In last Lesson the focus of discussion was marketing challenges in
the 21st century. Today we will discuss strategic planning, describe
marketing management and planning process, identify sections of a
marketing plan and specify the contents of each section. So today we
will be covering following topics:
STRATEGIC PLANNING AND MARKETING PROCESS
1. Strategic planning
The process of developing and maintaining a strategic fit between the
organization’s goals and capabilities and its changing marketing
opportunities is called Strategic planning. Planning is basically
concerned with what are we going to do and how are we going to do it?
Organizations, which are not able to perform the effective planning, are
actually planning for failures. To meet changing conditions in their
industries, companies need to be farsighted and visionary, and must
develop long-term strategies. Strategic planning involves developing a
strategy to meet competition and ensure long-term survival and growth.
The marketing function plays an important role in this process in that
it provides information and other inputs to help in the preparation of
the organization’s strategic plan. Planning is performed to:
• Address changing environment and consumers
• Develop shared goals within organization
• Address competitive threat
• To anticipate the future
• Determine actions that are needed to achieve objectives
Strategic planning is mainly of three types:
(1) Strategic Planning:
Major activities in
strategic planning process include developing the company's goals and
plans. Typically strategic planning focus on long-term issues and
emphasize the survival, growth, and overall effectiveness of the
(2) Tactical Planning:
Tactical planning is
concerned with translating the general goals and plans developed by
strategic managers into objectives that are more specific and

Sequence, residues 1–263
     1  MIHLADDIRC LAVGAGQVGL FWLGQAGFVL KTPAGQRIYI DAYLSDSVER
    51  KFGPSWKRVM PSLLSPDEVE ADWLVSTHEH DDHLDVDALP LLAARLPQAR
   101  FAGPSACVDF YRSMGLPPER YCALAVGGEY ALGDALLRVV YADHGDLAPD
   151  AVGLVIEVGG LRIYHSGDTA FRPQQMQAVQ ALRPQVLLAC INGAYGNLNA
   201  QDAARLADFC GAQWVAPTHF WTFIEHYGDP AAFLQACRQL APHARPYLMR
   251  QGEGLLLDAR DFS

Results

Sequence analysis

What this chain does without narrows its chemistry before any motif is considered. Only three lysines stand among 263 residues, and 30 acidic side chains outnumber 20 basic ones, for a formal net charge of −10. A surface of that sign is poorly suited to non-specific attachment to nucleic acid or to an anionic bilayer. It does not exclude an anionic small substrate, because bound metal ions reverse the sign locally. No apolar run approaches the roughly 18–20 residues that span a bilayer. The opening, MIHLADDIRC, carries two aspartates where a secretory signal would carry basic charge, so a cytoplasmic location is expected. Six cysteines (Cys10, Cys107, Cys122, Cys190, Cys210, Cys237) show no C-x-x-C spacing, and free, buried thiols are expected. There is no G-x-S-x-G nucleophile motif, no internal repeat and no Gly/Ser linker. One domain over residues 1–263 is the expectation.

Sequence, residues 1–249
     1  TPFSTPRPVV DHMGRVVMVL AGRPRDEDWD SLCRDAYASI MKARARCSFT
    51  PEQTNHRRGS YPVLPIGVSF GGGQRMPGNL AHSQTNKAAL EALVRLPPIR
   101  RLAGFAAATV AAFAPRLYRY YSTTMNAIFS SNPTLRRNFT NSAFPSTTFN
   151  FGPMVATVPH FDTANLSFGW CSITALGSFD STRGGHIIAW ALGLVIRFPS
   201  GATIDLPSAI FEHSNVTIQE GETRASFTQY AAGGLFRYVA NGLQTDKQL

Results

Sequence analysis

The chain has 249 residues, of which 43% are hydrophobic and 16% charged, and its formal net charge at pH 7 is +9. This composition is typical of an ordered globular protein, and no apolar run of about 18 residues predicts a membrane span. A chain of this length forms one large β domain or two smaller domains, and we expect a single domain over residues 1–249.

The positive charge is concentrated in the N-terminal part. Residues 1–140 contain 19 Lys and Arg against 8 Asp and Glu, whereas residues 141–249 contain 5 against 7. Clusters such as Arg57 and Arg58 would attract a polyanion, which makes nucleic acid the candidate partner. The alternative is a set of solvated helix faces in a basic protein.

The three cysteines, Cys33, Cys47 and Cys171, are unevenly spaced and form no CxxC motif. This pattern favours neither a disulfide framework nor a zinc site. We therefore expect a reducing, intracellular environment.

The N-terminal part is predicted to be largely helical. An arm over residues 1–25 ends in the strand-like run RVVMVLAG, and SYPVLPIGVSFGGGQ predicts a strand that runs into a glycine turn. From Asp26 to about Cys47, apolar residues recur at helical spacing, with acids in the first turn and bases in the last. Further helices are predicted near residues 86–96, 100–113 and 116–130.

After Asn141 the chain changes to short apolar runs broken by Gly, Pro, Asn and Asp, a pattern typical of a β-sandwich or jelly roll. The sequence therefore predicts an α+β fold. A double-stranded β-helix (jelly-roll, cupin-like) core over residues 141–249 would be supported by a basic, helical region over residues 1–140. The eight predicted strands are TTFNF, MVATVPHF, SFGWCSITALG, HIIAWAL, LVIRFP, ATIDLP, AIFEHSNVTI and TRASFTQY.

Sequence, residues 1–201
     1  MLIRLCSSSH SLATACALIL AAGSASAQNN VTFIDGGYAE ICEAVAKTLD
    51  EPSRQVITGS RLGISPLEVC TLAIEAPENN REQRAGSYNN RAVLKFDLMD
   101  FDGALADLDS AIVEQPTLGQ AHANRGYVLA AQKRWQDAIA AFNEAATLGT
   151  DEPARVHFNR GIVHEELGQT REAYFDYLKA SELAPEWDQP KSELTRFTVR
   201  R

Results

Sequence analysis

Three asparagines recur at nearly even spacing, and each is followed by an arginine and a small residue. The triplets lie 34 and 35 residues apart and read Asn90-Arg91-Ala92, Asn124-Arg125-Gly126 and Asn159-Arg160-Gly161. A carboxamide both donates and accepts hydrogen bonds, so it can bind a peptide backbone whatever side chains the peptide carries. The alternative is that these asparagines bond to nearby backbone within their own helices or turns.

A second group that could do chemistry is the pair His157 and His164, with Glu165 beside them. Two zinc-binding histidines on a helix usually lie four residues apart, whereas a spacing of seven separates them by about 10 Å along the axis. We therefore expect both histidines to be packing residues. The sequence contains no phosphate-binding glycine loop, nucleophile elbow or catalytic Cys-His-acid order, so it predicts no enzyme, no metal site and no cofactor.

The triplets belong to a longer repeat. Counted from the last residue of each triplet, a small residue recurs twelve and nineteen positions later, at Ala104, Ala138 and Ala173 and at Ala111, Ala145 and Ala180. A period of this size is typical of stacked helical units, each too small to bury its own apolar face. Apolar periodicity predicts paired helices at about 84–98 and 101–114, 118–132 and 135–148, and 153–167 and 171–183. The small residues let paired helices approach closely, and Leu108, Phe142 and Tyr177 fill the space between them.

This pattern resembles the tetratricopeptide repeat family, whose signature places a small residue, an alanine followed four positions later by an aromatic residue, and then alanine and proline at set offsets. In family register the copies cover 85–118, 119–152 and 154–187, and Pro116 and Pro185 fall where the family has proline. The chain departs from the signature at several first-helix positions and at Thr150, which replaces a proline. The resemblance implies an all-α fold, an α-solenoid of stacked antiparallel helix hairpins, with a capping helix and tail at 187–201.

activities. These decisions, or tactics, involve both a shorter
time horizon and the coordination of resources.
(3) Operational Planning:
Operational planning is
used to supervise the operations of the organization. It is directly
involved with non-management employees, implementing the specific plans
developed with tactical managers. This role is critical in the
organization, because operational managers are the link between
management and nonmanagement personnel. Your first management position
probably will fit into this category.
2. Characteristics of a Strategic Plan
Strategic planning consists of developing a company mission (to give
it direction), objectives and goals (to give it means and methods for
accomplishing its mission), business portfolio (to allow management to
utilize all facets of the organization), and functional plans (plans to
carry out daily operations from the different functional disciplines).
Since most companies are interested in growth, this chapter explores
several growth alternatives within the context of strategic planning and
portfolio analysis. The product/market expansion grid shows four avenues
for growth: market penetration, market development, product development,
and diversification. Many companies operate without formal plans.
However, formal planning can provide many benefits:
1). It encourages management to think ahead systematically.
2). It forces managers to clarify objectives and policies.
3). It leads to better coordination of company efforts.
4). It provides clearer performance standards for control.
5). It is useful for a fast-changing environment since sound planning
helps the company anticipate and respond quickly to environmental
changes and sudden developments.
3. Strategic planning Process:
It is defined as the process of developing and maintaining a
strategic fit between the organization’s goals and capabilities and its
changing marketing opportunities.
1). Strategic planning sets the stage for the rest of the planning in
2). There are four steps to the strategic planning process:
a). stating a clear company mission.
b). Setting supporting company objectives.
c). Designing a sound business portfolio.
d). Planning and coordinating marketing and other functional strategies.
a. Defining the Company’s Business and Mission
An organization exists to accomplish something. When management
senses that the organization is drifting, it is time to renew its search
for purpose by asking:
1). What is our business?
2). Who is our customer?
3). What do customers value?
4). What should our business be? The first step in the strategic
1). A mission statement is a statement of the